Home Subscribe Login Contact Us Search Journal Articles PFM RSS Feed

PFM Articles Search Journal Articles

Fiscal Federalism in Transition Countries: The Three Baltic States Compared

Author: NICO GROENENDIJK AND ANNIKA JAANSOO
Published in PFM, Vol. 16 No. 3

This paper analyzes three transition countries (Estonia, Latvia and Lithuania) regarding four essential features of fiscal federalism: (a) the administrative set-up, (b) the tasks and functions allocated to sub-national governments, (c) revenue structure and fiscal autonomy, and (d) fiscal discipline. The practices in the three countries are analyzed for the period 2001-2013 mainly, and compared to practices in the EU-28 at large. Compared to the EU average, fiscal disciplinary performance of the Baltic States (and of local governments) is adequate (and exemplary in Estonia). Tax autonomy of local governments is however very low in all three states; local governments rely heavily on their share in the personal income tax. The Baltic States differ significantly regarding their administrative set-up, but this is consistent with the huge variety in administrative set-up in Europe. In all three countries reform of the set-up is debated continuously. The overall absolute level of spending (in euro per inhabitant) by sub-national governments in the Baltic States is clearly below the EU-average. The shares of the main spending categories at sub-national level differ considerably from the EU-average. This is caused by specific choices regarding the division of tasks between local and central government (i.e. the result of relatively high or low levels of fiscal decentralization in certain policy fields) and/or general government differences (i.e. less or more spending in some policy fields in general).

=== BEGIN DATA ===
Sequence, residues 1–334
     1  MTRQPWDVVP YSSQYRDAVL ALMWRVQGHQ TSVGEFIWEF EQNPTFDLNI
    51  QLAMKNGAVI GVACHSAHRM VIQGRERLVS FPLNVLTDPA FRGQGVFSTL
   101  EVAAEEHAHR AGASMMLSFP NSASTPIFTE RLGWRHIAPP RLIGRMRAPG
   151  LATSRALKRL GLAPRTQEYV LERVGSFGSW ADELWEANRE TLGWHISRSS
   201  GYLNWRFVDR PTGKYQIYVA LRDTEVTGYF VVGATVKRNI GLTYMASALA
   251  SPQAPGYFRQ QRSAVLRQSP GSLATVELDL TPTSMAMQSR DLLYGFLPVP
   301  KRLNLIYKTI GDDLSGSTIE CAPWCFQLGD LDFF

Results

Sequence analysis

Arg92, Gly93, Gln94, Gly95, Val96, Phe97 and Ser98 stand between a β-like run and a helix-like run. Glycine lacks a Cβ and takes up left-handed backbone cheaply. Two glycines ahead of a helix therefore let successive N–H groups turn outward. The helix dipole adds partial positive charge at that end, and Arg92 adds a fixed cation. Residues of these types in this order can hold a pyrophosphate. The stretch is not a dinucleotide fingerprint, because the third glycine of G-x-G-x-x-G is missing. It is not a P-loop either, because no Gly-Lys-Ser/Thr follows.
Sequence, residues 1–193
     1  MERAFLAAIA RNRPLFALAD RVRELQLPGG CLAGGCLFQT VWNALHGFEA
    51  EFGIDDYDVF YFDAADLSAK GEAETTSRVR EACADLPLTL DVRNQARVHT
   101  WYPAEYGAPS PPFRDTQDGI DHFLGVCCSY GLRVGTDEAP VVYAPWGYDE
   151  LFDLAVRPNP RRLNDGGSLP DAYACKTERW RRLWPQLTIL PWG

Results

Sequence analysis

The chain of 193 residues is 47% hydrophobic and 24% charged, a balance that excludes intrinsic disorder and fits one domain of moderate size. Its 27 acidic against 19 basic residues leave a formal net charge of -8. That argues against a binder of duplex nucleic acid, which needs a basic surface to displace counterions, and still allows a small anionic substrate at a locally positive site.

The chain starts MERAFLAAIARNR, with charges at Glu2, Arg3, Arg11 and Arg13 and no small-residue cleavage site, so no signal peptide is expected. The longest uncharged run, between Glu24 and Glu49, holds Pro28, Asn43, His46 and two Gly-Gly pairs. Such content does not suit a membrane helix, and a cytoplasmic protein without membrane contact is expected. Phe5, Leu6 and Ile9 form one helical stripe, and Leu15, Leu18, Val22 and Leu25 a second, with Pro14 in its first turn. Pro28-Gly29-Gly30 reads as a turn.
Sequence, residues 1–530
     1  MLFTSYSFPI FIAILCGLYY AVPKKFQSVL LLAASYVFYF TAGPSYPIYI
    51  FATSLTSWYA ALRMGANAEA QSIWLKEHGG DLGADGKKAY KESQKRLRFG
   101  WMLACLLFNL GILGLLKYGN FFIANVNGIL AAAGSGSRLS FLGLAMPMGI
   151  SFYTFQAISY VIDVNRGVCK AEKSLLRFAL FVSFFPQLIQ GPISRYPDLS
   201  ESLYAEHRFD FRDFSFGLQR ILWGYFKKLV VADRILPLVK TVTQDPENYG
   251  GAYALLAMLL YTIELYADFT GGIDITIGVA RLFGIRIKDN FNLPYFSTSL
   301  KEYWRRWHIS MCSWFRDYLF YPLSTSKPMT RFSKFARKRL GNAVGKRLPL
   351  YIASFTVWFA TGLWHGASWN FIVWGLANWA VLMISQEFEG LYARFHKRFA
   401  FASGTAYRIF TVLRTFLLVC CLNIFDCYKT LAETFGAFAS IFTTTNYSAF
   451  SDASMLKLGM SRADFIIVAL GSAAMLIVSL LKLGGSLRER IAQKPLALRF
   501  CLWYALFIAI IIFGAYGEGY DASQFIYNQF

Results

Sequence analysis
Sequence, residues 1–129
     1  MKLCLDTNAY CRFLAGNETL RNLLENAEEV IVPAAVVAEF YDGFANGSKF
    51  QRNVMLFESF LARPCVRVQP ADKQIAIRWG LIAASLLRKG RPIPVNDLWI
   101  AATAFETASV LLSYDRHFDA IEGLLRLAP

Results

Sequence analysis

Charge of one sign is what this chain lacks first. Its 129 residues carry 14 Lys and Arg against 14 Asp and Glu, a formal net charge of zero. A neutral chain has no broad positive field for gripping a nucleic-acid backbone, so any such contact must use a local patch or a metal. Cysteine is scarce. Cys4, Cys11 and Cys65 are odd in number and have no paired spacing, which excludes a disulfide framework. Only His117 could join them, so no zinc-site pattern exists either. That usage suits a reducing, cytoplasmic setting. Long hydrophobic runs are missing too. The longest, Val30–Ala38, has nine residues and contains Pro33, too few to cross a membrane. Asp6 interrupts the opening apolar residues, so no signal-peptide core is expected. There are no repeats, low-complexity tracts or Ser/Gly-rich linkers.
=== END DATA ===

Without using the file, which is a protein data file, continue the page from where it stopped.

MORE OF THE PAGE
Subscribers: Login to read this article

Guests: Subscribe to PFM, or purchase individual article access for $10.
The article is not available for automatic download. We will email the article to you as a PDF file upon receiving your payment, typically within 24 hours.